Fighting Wireworm

Fighting Wireworm

Fighting Wireworm

I’m Lacy Gray, Washington Ag Today is next.

They’re small in size, 1/4 to 3/4 of an inch in length, but can cause severe damage to cereal crops; and while they can be controlled, they can’t be killed with the normal recommended insecticide rates. I’m referring to wireworms, the larvae of the click beetle, and their populations are increasing in the Pacific Northwest. That’s why WSU Extension Agronomist Aaron Esser has conducted research at two large on-farm trials in Eastern Washington. In a recent webinar Esser talked about some important aspects of the wireworm.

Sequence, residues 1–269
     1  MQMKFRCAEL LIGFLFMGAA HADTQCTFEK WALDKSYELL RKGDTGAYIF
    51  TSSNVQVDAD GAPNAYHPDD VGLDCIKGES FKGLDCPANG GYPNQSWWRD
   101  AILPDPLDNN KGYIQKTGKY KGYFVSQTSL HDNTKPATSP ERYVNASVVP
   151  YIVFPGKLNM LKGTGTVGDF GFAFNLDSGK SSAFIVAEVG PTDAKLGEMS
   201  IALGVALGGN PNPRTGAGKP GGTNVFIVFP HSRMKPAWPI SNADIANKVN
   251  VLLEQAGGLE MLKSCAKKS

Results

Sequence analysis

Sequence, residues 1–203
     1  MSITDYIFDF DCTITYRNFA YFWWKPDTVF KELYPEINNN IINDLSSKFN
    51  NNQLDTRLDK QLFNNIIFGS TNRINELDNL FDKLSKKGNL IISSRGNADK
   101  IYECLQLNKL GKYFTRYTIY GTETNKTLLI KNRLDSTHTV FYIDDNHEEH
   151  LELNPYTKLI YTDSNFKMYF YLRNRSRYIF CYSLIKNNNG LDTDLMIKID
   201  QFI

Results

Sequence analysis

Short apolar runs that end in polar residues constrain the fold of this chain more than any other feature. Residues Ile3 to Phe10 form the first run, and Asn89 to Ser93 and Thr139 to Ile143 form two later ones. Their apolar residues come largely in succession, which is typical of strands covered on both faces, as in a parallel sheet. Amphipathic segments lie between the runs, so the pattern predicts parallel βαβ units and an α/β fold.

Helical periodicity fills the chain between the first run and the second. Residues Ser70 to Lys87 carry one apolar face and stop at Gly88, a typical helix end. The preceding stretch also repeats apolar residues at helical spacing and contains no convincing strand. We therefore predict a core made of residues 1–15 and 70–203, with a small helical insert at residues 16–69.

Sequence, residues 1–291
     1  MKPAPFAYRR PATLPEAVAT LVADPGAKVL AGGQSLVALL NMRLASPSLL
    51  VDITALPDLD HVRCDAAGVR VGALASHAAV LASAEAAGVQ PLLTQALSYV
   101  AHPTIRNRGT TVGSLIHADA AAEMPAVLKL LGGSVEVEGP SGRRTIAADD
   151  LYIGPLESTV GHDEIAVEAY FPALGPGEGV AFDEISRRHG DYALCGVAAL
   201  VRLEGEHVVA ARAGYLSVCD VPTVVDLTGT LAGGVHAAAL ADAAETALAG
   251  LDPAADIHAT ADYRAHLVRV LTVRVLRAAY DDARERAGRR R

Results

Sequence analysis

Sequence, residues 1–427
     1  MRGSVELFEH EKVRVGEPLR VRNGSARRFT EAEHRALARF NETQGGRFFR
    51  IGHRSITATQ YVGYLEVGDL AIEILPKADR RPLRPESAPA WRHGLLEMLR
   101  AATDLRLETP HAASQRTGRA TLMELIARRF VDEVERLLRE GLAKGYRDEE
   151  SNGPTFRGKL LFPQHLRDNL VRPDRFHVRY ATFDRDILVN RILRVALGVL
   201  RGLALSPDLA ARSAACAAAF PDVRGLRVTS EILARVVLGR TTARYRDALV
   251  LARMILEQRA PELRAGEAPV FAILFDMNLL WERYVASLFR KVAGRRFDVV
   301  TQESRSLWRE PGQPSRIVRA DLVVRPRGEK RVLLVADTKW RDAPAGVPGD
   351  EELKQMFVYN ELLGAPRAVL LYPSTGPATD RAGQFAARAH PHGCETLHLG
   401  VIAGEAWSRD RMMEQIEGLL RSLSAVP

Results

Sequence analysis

ESSER: A wireworm is in the soil anywhere from about three to ten years depending on species and conditions before they mature into a crop. Here wireworms are most active in the soil between about 45 degrees and 80. Wireworms are really found in most cropping systems in the Pacific Northwest but they do prefer grass systems.

He says it’s easy to misdiagnose wireworm infestation.

ESSER: Whether or not you’re dealing with Russian thistles, wild oats, or downy brome, I think if you ever have a field situation where you can’t quite get those weeds under control, I’d really start looking towards wireworm pressure.

In the two test trials Esser examined varied rates of Cruiser insecticide and a high labeled rate of Gaucho insecticide, and found that in both tests wireworm populations were significantly reduced and profitability significantly increased.

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I’m Lacy Gray and that’s Washington Ag Today on the Northwest Ag Information Network. 

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